Adams commanding, was sent to the railroad on our right to create a diversion and also effect a crossing between the Gulf railroad bridge and a point known as the Hermitage, nearer the coast. On the 14th the division was united and placed in position near the forks of the Little Ogeechee, Wood's division on our left, John E. Smith on our right. No effort was made to assault the enemy's lines, which were separated from ours by the north branch of the Little Ogeechee and the rice swamps that abound on either bank of that stream. On the night of the 19th I obtained permission to attempt a lodgment on the other side, which was successfully made by Lieutenant William Pittman, Eighty-first Ohio Infantry, with the men who volunteered for the purpose. Having demonstrated the practicability of crossing a column I desired to push a sufficient force over during the night, and move the division over the following day and assault the enemy. The general commanding, deeming it not expedient, directed me to withdraw my men, which was done without any casualties or without awakening the suspicions of the enemy as to what we were doing. On the morning of the 21st Savannah was found to be evacuated by the enemy, and in accordance with orders I moved my division into the city and went into position on the east side of Savannah, my left resting on the river, my right occupying Fort Brown. The march was in some respects an arduous one, [but] proved on the whole to have been pleasant and even beneficial to the command. The health of the men was never better nor were they ever in better spirits or condition than when they took possession of Savannah.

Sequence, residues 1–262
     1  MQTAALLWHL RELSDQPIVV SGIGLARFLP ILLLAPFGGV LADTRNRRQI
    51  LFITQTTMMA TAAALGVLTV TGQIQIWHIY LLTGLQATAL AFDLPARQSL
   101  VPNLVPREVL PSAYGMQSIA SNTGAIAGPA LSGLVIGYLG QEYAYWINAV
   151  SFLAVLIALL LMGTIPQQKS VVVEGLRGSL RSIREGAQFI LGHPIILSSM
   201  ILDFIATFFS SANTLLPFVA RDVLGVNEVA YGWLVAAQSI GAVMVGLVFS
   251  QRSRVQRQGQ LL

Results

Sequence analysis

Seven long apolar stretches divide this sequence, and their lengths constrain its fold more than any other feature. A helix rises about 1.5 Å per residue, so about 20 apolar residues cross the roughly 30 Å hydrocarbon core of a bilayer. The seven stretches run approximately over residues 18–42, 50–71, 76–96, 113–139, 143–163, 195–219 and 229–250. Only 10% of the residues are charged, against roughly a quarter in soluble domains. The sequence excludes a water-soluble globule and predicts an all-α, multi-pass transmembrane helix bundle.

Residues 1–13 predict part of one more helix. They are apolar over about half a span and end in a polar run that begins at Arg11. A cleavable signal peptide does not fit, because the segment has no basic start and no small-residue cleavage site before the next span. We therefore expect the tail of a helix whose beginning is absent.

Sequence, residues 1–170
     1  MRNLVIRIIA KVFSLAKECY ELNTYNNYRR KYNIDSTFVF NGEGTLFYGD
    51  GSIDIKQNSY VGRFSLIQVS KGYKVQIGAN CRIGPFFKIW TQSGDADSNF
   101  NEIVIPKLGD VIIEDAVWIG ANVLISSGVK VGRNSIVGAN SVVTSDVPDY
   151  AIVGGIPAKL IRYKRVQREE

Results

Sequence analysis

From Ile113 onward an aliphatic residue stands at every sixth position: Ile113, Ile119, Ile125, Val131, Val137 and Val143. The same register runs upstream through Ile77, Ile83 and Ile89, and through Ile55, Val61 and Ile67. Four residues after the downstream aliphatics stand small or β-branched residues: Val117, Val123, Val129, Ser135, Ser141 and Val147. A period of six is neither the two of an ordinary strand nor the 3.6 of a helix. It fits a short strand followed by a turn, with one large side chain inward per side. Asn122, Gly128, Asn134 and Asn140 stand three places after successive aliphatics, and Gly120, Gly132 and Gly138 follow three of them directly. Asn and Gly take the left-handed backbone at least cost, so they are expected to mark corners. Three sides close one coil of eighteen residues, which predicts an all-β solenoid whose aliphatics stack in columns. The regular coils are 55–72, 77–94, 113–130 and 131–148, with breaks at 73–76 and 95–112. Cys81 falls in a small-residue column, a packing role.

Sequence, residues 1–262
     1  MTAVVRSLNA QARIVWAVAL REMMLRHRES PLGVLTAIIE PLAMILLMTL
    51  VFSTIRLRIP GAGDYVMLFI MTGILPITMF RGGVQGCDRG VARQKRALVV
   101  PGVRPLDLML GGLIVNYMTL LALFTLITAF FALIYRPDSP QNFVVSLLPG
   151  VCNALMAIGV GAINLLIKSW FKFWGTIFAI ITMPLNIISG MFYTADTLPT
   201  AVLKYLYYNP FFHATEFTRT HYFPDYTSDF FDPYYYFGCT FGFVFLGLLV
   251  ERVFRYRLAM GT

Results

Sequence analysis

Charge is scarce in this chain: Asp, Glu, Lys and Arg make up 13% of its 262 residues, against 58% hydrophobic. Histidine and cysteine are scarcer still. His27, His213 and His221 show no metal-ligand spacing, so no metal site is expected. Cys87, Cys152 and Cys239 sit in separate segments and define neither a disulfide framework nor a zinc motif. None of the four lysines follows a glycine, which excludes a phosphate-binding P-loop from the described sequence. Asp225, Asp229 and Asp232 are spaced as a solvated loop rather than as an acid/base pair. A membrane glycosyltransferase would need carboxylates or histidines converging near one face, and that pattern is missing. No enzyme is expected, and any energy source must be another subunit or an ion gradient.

On reference to memoranda I find that we have obtained on the march, beyond what was necessary for daily issue, 1,000 head of cattle, about 300 head of horses and mules; that nearly seven miles of road were corduroyed and thirty bridges built by the pioneer corps of this division.
The list of casualties is exceedingly small.
I am, very respectfully, your obedient servant,
JOHN M. CORSE,
Major MAX WOODHULL,
Assistant Adjutant-General, Fifteenth Army Corps.
No. 32. Report of Brigadier General Elliott W. Rice, U. S. Army, commanding First Brigade. HDQRS. FIRST Brigadier, FOURTH DIV., 15TH ARMY CORPS, Savannah, Ga., December 29, 1864.
SIR: I have the honor to submit the following as my report of the recent campaign which resulted in the capture of the city of Savannah, as participated in by the First Brigade, Fourth Division, Fifteenth Army Corps:
In compliance with orders from headquarters Fourth Division, Fifteenth Army Corps, Brigadier General J. M. Corse commanding, the brigade destroyed its camp in connection with all property, public and private, for which transportation was not furnished, and left the city of Rome, Ga., at 8 a. M. on the 11th day of November, 1864. From thence I